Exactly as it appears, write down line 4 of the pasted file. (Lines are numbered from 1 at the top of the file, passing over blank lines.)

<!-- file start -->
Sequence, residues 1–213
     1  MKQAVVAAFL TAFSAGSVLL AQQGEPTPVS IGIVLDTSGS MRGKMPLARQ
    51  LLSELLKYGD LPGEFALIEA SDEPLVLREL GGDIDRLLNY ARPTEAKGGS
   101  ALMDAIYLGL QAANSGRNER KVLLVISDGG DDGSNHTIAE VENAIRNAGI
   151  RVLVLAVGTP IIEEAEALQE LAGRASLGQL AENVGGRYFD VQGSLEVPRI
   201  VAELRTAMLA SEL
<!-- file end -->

   101  ALMDAIYLGL QAANSGRNER KVLLVISDGG DDGSNHTIAE VENAIRNAGI